SharePoint’s Progression: Creating Perfect Balance in the World

By Umang Shah

SharePoint's Progression Header Image
*Source: Ignite 2015

Microsoft provides one of the premiere solutions for enterprise collaboration. If we compare SharePoint’s evolution over the past decade to those of the IT industry you’ll find that they have many similarities:

  • Loose coupling/microservice-based architecture: SharePoint started this approach in 2010 with service applications (remember shared service in MOSS?). Since then, Microsoft has been working diligently to decouple as much as possible.
  • Mobile-first approach (Cross-platform, device-specific app development): This trend changed the face of IT services, and Microsoft SharePoint embraced it with responsive design and multi-channel support.
  • Cloud-first model: Features such as Delve are only possible in a Cloud-first environment, and Microsoft invests heavily in machine learning and research to the advantage of its subscribers. On-premise models are no longer feasible, as they require significant investments of time and resources.
  • Improvement in identity management: AAD (Azure Active Directory) is a global active directory. One of the biggest advantages of any enterprise solution is SSO (single sign on), and Microsoft’s AAD is a powerful option. Moreover, Office Groups’ all-in-one authorization maintenance is a cherry on top.

SharePoint developers are anticipating even more changes. For power users and developers, here are the latest developments:

  • SharePoint Community Portal > Yammer: SharePoint Community Portal was one of the most underrated features. It had badges, reputation, and gamification components. Now, with a more modern interface in Yammer it is difficult to find a strong use case for SharePoint Community Portal. Some features of SharePoint Community Portal are not in Yammer but it can be added via Market Place.
  • Insights (PerformancePoint/PowerPivot/Report Viewer/Excel Services) > PowerBI: From the beginning SharePoint has focused on BI. It supported reporting service web parts in MOSS, and then acquired Business Scorecard Manager which morphed into PerformancePoint. It also introduced PowerPivot (SSAS) and Power View (SSRS) in SharePoint mode. These are now separate components of Power BI as a service and are available as an independent component of Office 365.
  • SharePoint Search > Delve & Hybrid Enterprise Search: Search has been a cornerstone of SharePoint and it continues to evolve. Delve “lets the content find you automatically” based on your personal interaction and permissions (machine learning). Hybrid Search (Office 365’s on-premise search service) is a true hybrid option with a single index rather than two separate indices. Although Delve is evolving, it is still not a replacement for the traditional search center.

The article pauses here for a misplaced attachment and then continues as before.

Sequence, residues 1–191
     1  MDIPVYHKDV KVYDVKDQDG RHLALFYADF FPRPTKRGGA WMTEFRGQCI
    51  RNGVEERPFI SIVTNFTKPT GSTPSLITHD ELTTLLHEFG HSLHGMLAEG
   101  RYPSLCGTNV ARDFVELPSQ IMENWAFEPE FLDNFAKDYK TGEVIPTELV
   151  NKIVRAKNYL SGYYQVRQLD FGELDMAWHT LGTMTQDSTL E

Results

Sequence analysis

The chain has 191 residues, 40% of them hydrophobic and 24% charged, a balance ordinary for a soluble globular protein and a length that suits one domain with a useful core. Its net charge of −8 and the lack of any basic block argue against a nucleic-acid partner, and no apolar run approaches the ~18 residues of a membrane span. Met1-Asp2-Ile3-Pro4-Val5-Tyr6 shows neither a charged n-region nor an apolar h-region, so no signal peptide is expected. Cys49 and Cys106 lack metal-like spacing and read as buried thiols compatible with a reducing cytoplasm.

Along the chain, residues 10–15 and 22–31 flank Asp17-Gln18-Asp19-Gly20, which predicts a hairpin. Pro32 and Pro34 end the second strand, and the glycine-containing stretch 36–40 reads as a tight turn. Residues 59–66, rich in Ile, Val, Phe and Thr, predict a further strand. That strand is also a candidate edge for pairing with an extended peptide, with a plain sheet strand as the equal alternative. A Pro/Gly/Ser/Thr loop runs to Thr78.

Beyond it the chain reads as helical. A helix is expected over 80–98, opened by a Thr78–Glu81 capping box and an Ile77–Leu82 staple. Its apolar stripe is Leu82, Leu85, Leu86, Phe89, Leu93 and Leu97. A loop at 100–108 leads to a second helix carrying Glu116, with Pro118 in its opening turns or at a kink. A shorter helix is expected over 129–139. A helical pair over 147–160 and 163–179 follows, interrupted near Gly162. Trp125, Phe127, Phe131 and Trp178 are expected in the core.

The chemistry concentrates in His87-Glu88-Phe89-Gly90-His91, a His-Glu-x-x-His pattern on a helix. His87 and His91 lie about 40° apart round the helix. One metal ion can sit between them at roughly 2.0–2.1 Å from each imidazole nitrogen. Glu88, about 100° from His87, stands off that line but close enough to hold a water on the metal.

• Forms customization from List/InfoPath > PowerApps. InfoPath Form Designer: A rapid form designer found in SharePoint’s older versions that still supports quick editing of list forms and task forms in (Workflow Designer). Eventually PowerApps will replace it, but for now it’s decoupled and can be applied to any data. It also has built-in support across devices with a Cloud-first, mobile-first approach.
  • Task Lists > Planner in Office 365: Originally designed to be used in Workflow, a 2013 addition of the timeline allowed for more seamless project management. It remains the preferred option for structured project management, but Planner has a better user interface and seamless integration with other services.
  • SharePoint 2010 and 2013 Workflow Engine > Microsoft Flow and Logic apps: Many people have moved on because of a workflow issue. The Workflow engine evolved drastically in 2010, and then again changed in 2013, but decoupling would make it even more efficient.
  • Customization (WebPart > client-side WebPart/Sandbox > SP Apps > add in > SharePoint Framework component: Customization has changed significantly in SharePoint. From manually copying all to GAC and web.config changes to structured WSP to APP packages. With the evolution of CSOM API, we are in the era of SPF in which Microsoft decoupled development away from Visual Studio/MSBuild. Also it focused more on a full-stack development model. SPF (SharePoint Framework) is one of the most common buzzwords in the SharePoint environment.

We’ve been helping enterprise companies leverage the power of SharePoint for over two decades. As the Office 365/SharePoint Lead for ISM, Inc.,  we’re always here to answer any questions you may have regarding your company’s strategy, architecture, and governance for implementation.  Connect with me on LinkedIn.



*https://channel9.msdn.com/Events/Ignite/2015/FND2203